• Reduced modulation: this is a technical way of saying that cyclists with traditional brakes have more difficulty controlling the pressure exerted during braking. With these brakes, it's harder to control speed without the wheel locking up suddenly. Even professionals have several problems especially on rainy days and with carbon wheels (and carbon braking track).
  • Sensitivity to weather conditions: when the brake pads get wet, they lose much of their effectiveness, and both power and modulation are significantly affected. Think that during the rainy World Cycling Championships in Oslo, won by Lance Armstrong, the Italian national team, led by the legendary CT Alfredo Martini, to increase braking power, rubbed onions and lemons on the track of their rims. This old trick allowed to degrease the wheels from the oily residues that the rain had brought from the asphalt to the brakes, increasing yes the braking power, but reducing even more the modulation, already not optimal.
  • Wear: all the friction generated by the brakes is reflected on the braking track of the rim, causing gradual wear. The marks that form over time decrease the area that the pads touch when braking, reducing the effectiveness and power of the braking. In the end, the entire rim has to be replaced.
  • Limited tire size: the caliper must wrap around the wheel in order to reach the rim. Unfortunately, because of their size, wider tires cannot be mounted on bicycles with traditional brakes.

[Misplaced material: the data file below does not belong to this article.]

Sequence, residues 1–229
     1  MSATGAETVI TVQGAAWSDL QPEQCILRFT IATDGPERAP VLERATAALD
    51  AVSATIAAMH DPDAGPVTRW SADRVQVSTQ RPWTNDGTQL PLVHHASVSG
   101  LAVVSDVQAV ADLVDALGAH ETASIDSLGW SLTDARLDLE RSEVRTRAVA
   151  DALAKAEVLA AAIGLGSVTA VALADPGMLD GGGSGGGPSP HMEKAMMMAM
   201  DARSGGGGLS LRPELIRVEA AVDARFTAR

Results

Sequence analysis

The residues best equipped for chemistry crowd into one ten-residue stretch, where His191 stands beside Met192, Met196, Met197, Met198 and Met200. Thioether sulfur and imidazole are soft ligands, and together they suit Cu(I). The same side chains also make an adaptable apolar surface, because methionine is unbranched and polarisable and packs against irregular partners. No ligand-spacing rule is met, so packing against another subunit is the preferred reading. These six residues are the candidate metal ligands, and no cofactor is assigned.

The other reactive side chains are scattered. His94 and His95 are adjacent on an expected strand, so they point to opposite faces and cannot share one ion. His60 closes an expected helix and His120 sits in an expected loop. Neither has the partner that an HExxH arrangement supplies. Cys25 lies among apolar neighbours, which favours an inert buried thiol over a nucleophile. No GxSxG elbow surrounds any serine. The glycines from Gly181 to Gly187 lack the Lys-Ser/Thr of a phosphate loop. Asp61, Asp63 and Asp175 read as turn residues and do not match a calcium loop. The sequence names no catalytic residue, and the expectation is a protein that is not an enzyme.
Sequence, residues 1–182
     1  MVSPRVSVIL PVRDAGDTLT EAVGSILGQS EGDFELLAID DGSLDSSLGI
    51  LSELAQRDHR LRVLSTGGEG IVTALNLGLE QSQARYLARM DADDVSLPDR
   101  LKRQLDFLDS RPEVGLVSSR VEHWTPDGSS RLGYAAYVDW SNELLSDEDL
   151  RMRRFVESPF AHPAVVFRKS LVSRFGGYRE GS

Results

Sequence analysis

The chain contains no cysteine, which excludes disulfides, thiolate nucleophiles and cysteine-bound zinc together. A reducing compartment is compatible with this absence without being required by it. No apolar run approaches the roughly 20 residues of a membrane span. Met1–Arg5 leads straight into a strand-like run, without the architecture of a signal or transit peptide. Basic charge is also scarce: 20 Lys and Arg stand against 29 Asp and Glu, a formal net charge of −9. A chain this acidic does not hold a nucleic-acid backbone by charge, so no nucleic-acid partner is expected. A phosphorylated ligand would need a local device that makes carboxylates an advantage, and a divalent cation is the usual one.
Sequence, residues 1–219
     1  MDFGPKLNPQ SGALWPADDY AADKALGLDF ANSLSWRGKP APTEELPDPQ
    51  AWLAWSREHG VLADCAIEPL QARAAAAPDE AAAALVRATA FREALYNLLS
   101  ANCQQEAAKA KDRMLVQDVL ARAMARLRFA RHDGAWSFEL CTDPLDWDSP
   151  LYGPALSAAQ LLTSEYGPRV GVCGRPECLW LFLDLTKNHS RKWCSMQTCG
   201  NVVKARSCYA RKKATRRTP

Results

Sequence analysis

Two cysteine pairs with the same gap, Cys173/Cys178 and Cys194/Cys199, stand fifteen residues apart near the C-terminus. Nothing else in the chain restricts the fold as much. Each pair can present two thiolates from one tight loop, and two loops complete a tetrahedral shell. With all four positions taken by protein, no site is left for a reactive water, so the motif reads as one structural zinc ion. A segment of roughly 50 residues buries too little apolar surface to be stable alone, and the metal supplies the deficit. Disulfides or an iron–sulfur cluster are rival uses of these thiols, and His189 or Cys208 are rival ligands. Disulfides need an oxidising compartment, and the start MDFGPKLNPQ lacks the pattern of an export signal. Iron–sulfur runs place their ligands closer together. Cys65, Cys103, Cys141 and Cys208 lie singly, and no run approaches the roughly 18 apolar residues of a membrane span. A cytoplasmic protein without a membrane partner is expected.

Disc Brakes

What are disc brakes?

Bicycle disc brakes have been the answer to the demand of bikers who were tired of mud and dirt too often clogging their traditional brakes. Manufacturers, for some years now, have decided to introduce disc brakes also on road bicycles. To understand how they work, it is enough to think about the brakes of motorcycles and cars. Instead of acting on the rim, disc brakes pinch the rotating disc placed on the hub of the wheel.

Without getting lost in too much technicality, there are two types of disc brakes: mechanical, which works using a tension cable system to activate the caliper just like traditional brakes; and hydraulic, which instead of using classic cables uses a brake fluid to activate the caliper.


The debate, as said, is still very heated and you will hear several enthusiasts dissect the most varied arguments in favor of the brand new disc brakes. Let's together see what are the main points in favor of disc brakes.

  • More power: brakes applied to a device specifically designed to brake the bicycle offer more power compared to those applied on the rim.
  • Better modulation: discs allow for a more precise and fluid braking. Pilots are thus able to more accurately dose the amount of force they want to apply, decreasing the possibility of an unwanted wheel lock. Furthermore, hydraulic brakes are even stronger and mechanically better at modulating braking compared to mechanical disc brakes.